Lawrence Livermore National Laboratory researchers have made graphene aerogel microlattices with an engineered architecture via a 3-D printing technique known as direct ink writing.

Contact: Anne Stark
stark8@llnl.gov
925-422-9799
DOE/Lawrence Livermore National Laboratory

Public Release: 22-Apr-2015
NERSC, Cray move forward with next-generation scientific computing
The US Department of Energy's National Energy Research Scientific Computing Center and Cray Inc. announced today that they have finalized a new contract for a Cray XC40 supercomputer that will be the first NERSC system installed in the newly built Computational Research and Theory facility at Lawrence Berkeley National Laboratory.

Contact: Jon Bashor
jbashor@lbl.gov
510-486-5849
DOE/Lawrence Berkeley National Laboratory

Public Release: 21-Apr-2015
Bookmark and share printable version assuring solar modules will last for decades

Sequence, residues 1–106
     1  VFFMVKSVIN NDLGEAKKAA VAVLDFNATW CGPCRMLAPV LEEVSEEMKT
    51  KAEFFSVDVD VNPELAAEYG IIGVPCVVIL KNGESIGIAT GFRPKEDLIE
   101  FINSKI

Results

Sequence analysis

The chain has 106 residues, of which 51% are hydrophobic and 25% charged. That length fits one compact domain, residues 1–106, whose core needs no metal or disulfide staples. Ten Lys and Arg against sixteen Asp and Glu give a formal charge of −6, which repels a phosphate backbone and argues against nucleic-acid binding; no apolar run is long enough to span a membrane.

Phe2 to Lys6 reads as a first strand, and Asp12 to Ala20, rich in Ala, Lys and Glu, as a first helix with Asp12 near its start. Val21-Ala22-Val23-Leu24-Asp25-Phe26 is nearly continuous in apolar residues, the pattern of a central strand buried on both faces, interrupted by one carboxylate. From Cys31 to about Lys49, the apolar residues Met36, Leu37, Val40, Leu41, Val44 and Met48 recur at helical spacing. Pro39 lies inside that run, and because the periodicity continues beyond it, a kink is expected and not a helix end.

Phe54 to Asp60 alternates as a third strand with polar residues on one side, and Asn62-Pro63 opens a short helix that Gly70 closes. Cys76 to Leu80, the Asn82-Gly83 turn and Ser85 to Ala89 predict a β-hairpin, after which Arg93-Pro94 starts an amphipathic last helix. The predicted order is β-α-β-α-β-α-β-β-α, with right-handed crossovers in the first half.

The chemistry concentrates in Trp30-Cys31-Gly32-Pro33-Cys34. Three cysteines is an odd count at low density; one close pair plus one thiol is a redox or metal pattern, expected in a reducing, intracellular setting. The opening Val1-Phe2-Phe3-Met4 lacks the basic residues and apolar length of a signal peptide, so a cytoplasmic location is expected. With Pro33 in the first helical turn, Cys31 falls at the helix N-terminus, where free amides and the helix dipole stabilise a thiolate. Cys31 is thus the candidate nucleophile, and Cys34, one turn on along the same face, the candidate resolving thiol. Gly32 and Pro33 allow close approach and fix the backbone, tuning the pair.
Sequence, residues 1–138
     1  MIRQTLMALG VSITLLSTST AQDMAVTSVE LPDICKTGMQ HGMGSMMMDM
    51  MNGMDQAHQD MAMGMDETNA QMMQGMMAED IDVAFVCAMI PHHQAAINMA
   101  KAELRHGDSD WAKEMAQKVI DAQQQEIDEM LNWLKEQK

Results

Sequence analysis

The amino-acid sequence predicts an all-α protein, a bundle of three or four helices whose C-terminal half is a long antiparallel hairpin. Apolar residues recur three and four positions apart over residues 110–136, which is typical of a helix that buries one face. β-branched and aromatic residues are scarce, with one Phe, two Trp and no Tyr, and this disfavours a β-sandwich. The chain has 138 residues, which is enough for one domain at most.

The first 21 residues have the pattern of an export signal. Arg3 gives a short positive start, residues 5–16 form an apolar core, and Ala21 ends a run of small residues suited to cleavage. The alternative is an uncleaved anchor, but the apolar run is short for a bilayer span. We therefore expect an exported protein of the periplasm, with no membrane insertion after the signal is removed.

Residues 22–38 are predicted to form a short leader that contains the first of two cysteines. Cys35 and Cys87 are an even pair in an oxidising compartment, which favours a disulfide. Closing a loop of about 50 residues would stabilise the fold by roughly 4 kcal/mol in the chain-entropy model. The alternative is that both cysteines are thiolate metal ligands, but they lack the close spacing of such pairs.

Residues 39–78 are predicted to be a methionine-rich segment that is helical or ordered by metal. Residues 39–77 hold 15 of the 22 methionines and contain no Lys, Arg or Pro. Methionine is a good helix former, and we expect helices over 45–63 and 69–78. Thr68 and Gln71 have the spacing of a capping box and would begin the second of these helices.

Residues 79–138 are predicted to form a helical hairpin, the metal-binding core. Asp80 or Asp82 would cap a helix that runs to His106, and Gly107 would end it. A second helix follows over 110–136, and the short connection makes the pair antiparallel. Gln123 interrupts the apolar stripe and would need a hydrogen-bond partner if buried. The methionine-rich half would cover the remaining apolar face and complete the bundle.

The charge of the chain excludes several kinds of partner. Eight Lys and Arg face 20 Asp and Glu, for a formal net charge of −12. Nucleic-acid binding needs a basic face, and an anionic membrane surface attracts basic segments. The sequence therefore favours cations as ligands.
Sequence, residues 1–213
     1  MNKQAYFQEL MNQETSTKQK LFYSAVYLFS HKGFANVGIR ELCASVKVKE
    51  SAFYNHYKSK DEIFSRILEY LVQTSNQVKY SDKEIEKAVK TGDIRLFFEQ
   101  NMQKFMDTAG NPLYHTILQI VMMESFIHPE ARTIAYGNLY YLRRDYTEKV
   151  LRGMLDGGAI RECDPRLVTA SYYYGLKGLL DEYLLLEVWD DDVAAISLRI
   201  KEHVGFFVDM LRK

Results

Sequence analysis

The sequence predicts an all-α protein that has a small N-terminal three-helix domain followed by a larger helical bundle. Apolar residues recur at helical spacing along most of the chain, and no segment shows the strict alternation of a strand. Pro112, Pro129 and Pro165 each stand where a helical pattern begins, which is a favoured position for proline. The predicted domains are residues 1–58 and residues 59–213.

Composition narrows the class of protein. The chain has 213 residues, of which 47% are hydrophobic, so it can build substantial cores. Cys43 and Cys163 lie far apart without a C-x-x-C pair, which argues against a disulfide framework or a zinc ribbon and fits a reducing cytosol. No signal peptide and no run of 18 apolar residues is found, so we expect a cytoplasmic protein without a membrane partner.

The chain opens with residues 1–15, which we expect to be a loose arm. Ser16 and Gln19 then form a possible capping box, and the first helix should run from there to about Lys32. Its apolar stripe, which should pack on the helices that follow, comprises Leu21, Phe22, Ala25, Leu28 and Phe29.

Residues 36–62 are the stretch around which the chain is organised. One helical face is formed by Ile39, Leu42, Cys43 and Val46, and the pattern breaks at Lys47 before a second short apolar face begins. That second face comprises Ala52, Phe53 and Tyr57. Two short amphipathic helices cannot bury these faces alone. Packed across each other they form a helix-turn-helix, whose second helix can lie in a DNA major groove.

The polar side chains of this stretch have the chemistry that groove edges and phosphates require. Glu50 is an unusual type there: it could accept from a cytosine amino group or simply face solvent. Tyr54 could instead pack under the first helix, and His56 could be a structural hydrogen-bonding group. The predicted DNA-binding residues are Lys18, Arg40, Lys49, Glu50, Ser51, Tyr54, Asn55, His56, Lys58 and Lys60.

The Energy Department's National Renewable Energy Laboratory is co-leading an international push to assure the reliability of solar panels -- an assurance demanded by customers, manufacturers, lenders, and utilities.
US Department of Energy

Contact: David Glickson
david.glickson@nrel.gov
303-275-4097
DOE/National Renewable Energy Laboratory

Public Release: 21-Apr-2015
NREL releases report describing guidelines for PV manufacturer quality assurance
The Energy Department's National Renewable Energy Laboratory has released an updated proposal that will establish an international quality standard for photovoltaic (PV) module manufacturing. The document is intended for immediate use by PV manufacturers when producing modules on an industrial scale so they can increase investor, utility, and consumer confidence in PV system performance.